To facilitate a uniform dispersion of the explosive metal binder within the explosive warhead explosive matrix, the metal particles may be chemically functionalized in such a way that the surface energy between the metal binder particles and the high explosive is minimized promoting wet-out of the metal (if necessary).
Successful implementation of the above approach permits an enhanced trade-space involving warhead design, achievable hard target penetration, and lethality beyond which is available currently. There is reason to believe that implementation of the metal binder will also serve to aid in addressing the increasingly present insensitive munition requirements imposed on warhead designs.
All numbers expressing quantities of ingredients, constituents, reaction conditions, and so forth used in the specification are to be understood as being modified in all instances by the term "about". Notwithstanding that the numerical ranges and parameters setting forth, the broad scope of the subject matter presented herein are approximations, the numerical values set forth are indicated as precisely as possible. Any numerical value, however, inherently contains certain errors necessarily resulting from the standard deviation found in their respective measurement techniques.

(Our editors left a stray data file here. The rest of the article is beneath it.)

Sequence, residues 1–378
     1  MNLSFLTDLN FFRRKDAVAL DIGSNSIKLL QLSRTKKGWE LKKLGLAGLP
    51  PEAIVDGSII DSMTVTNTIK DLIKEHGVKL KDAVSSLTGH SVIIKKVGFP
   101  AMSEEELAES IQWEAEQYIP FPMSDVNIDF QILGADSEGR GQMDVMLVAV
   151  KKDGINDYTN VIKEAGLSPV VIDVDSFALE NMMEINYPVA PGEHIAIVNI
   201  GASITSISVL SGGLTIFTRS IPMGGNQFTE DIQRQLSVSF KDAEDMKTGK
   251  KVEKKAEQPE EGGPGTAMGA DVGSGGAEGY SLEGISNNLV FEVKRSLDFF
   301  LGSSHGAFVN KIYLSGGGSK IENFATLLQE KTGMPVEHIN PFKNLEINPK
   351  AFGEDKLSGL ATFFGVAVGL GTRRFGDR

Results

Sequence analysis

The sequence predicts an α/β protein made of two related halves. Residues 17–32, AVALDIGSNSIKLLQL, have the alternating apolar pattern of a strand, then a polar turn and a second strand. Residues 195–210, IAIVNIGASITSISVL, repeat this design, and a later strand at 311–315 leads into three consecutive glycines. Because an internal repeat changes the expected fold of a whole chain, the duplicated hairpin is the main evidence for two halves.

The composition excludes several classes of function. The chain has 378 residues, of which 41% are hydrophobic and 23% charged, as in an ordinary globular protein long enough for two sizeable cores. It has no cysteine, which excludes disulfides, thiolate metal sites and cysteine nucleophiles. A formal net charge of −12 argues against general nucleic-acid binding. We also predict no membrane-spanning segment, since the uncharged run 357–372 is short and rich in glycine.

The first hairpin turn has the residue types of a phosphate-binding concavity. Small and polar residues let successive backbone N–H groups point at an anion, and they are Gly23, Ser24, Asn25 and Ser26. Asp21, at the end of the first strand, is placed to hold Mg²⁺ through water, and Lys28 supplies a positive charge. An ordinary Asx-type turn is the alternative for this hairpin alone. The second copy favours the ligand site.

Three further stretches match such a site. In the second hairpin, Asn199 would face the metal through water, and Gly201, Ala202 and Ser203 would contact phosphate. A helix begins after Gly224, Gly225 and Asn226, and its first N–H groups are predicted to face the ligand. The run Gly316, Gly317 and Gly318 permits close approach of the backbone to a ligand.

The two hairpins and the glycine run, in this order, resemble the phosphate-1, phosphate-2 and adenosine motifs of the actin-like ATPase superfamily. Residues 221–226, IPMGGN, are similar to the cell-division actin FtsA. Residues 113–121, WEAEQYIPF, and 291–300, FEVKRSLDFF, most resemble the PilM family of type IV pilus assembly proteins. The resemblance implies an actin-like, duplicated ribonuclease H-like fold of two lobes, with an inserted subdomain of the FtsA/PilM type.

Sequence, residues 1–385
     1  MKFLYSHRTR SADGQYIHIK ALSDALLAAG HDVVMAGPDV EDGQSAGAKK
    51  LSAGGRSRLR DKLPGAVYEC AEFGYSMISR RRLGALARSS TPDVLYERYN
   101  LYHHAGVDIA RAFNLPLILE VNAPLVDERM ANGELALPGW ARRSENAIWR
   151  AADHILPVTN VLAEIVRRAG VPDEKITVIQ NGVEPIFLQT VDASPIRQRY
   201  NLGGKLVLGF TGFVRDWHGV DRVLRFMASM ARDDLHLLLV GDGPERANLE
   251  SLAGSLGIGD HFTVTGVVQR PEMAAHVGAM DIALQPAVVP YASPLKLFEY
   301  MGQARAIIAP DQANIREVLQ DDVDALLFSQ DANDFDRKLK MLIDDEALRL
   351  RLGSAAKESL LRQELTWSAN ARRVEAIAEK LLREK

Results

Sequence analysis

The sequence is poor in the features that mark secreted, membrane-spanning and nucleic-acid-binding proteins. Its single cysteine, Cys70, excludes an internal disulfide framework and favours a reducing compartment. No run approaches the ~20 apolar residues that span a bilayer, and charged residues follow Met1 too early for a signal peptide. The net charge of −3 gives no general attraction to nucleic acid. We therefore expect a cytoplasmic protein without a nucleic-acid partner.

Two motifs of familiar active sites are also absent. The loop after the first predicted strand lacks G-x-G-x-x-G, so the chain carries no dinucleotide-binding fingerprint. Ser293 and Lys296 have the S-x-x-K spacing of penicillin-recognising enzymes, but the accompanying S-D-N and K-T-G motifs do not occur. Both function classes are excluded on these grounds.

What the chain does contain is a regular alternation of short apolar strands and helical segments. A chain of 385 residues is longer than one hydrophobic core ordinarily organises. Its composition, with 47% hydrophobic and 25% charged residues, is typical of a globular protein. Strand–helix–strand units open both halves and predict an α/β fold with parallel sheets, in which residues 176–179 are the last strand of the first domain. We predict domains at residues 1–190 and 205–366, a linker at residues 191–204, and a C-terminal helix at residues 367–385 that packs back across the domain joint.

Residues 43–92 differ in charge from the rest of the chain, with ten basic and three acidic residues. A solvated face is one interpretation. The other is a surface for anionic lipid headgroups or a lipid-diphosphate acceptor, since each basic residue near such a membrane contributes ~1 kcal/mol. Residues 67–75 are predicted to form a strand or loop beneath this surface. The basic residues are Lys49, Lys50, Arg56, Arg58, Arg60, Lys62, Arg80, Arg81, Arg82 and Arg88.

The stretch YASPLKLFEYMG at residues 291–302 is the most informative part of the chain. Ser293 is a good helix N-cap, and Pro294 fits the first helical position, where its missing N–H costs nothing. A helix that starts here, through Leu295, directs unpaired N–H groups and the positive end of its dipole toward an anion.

Although the present invention has been described in connection with preferred embodiments thereof, it will be appreciated by those skilled in the art that additions, deletions, modifications, and substitutions not specifically described may be made without department from the spirit and scope of the invention as defined in the appended claims.
Patent applications by Edward W. Sheridan, Orlando, FL US
Patent applications by George D. Hugus, Chuluola, FL US
Patent applications by George W. Brooks, Orlando, FL US
Patent applications by Lockheed Martin Corporation
Patent applications in class CARTRIDGES
Patent applications in all subclasses CARTRIDGES